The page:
Thursday, May 24, 2007

Kennedy Space Center, Florida: A Thinking Travelogue, Part I

We choose to go to the Moon, we choose to go to the moon …, not because it’s easy, but because it’s hard.” That impassioned entreaty from JF Kennedy, which he made on a day in 1962 from the campus of Rice University, continued to resonate in me after we left Kennedy Space Center (KSC), FL, last evening.

Nestled between Indian River and the Atlantic Ocean as shown in the image below, KSC occupies a sprawling marshland (used to be anyway and a sizeable of which is still preserved as a seashore and wildlife refuge) one fifth the size of the State of Rhodes Island. It’s operated by National Aeronautics and Space Administration, aka NASA, to further US’s space exploration.

Leaving our Tampa home at around 7.30am, we arrived at the KSC Visitor Complex about 10 past nine, a journey equivalent to a trip to Gainesville, but via Orlando. It being a weekday, we were able to park at the first row just in front of the complex.

In addition to the various exhibit halls featuring different themes germane to space exploration, there are two IMAX theatres. But the highlight of the visit should belong to the KSC Bus tour that would take visitors to the LC-39 Observation Gantry, the Apollo/Saturn V Center, and the International Space Station (ISS).

But first the IMAX movie offering, to which we first gravitated. It was IMAX 2, featuring Space Station 3D, which we watched with a pair of orange goggles.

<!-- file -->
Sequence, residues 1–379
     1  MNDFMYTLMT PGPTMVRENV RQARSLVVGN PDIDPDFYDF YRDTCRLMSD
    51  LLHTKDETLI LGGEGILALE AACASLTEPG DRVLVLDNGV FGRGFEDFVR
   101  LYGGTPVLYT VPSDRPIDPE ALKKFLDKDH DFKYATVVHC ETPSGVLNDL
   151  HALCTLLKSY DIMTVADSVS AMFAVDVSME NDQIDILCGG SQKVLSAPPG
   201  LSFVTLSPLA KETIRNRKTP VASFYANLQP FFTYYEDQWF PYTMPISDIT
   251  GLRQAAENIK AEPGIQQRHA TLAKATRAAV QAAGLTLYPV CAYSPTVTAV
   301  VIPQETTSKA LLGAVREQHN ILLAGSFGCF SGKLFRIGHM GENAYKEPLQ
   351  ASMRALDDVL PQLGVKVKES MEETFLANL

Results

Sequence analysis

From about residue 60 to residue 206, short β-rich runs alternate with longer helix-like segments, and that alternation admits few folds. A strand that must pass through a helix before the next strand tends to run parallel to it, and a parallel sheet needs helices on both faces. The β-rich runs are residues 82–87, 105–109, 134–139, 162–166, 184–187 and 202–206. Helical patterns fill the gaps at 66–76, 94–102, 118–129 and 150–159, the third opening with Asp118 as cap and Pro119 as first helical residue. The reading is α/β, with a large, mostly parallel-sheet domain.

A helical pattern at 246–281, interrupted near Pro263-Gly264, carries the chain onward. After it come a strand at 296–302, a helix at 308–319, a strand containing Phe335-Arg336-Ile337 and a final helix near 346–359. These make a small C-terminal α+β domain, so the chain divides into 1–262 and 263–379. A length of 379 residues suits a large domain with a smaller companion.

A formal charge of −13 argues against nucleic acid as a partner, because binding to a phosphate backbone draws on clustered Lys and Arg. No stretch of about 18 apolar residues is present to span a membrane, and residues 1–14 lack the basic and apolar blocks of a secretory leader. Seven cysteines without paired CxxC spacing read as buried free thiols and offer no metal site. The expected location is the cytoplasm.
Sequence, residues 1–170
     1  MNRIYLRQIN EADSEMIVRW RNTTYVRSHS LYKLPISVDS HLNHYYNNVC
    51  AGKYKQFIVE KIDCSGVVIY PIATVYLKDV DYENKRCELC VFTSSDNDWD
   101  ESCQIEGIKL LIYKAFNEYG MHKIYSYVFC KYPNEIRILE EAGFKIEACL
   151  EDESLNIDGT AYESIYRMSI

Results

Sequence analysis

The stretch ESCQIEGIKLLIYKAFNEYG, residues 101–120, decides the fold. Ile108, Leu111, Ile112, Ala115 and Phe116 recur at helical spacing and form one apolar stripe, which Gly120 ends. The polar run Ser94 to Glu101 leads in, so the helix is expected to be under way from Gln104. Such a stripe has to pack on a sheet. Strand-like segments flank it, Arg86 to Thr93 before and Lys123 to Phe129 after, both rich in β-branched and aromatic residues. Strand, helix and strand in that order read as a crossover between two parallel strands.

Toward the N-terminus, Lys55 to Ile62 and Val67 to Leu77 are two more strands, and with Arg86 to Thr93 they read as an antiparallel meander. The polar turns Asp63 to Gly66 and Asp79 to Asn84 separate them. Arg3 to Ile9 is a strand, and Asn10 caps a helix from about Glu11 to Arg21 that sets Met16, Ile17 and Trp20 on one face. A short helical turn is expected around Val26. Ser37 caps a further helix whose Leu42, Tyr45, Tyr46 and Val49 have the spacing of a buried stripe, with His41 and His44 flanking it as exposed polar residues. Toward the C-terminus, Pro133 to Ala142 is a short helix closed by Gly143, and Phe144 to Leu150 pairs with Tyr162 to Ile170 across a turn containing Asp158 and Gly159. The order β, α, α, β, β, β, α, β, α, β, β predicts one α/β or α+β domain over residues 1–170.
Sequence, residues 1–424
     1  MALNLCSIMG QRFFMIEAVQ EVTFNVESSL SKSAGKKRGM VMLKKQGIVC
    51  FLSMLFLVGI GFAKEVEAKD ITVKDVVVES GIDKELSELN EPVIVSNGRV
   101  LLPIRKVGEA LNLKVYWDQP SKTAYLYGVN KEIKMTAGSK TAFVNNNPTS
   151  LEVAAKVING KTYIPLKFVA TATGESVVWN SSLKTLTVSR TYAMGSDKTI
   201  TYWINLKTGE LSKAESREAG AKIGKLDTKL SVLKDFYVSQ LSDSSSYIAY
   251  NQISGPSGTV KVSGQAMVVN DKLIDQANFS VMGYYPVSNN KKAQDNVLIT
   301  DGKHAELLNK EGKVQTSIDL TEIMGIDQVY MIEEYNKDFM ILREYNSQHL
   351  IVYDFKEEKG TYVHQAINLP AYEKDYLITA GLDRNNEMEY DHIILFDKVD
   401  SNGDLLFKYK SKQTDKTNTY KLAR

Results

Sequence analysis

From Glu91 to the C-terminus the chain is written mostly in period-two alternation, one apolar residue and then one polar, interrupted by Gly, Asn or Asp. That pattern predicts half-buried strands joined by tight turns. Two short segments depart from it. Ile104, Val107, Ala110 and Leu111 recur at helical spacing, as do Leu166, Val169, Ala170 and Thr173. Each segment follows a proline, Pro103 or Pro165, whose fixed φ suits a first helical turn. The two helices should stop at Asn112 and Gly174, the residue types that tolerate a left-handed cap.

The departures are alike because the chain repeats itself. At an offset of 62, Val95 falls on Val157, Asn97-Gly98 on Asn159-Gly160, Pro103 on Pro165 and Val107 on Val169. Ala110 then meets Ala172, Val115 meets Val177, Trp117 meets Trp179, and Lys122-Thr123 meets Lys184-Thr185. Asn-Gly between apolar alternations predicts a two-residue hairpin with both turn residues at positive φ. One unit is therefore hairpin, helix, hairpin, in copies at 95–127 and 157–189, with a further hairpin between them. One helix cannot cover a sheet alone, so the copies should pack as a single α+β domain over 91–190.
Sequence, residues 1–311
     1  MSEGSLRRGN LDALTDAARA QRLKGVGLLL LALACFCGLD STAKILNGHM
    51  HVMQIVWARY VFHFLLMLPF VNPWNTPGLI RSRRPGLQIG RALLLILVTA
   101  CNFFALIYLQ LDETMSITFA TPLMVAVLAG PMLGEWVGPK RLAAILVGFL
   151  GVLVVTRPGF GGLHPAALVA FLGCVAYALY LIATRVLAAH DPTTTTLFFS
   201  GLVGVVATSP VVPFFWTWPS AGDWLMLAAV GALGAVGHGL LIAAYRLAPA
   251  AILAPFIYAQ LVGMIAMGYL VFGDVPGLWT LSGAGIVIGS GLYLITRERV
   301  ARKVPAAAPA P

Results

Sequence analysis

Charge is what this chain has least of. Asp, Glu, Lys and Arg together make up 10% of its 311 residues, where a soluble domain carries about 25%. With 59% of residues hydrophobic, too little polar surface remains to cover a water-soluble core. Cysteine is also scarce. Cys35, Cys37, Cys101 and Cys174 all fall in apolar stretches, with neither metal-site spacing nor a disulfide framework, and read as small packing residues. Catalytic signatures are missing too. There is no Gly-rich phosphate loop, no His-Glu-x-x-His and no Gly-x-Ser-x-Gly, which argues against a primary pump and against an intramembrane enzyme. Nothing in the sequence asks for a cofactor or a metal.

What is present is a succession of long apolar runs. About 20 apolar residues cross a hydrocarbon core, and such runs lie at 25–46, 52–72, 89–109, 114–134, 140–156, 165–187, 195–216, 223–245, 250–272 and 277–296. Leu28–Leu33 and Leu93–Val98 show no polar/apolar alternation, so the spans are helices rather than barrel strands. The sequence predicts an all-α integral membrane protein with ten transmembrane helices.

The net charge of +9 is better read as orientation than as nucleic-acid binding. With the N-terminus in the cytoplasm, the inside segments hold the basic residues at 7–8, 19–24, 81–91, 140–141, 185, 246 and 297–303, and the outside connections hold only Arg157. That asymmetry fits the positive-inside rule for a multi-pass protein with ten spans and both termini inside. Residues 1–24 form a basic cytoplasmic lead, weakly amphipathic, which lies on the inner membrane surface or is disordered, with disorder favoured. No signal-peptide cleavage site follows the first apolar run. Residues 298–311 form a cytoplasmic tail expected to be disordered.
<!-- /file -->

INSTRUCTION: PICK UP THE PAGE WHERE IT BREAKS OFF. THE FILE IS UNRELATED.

Narrated by Tom Cruise (yes, the Top Gun who only managed to skim the edge of our earthly atmosphere), it recounts a multi-national effort to explore the outer space. Specifically, it’s a 16 country effort comprising USA, Russia, Japan (the lone rep from Asia), Brazil (the lone rep from South America) and member countries of the European Space Agency (Italy, Germany, UK, Holland, France, Denmark, Sweden, Switzerland, etc.), constructing the International Space Station (ISS) modularly. For a time, the various astronauts/cosmonauts forget their national affiliations and coalesce together to sustain the international project. They work together, eat together, sleep together (but in separate sleeping bags), and yes, dream together that their efforts, 250 miles about us, would come to fruition for humanity.

Occupying an area about twice the size of a football field, Tom told us that it can be seen from earth as it passes over us. But the living/work space is, eh, claustrophobic to say the least. They sail effortlessly from one part of the ISS to another through conduits seemingly large enough for a person’s girth. They become Hercules, moving great weights with a casual push of the arm, a feat made possible by zero gravity that would otherwise be a physical impossibility back on earth.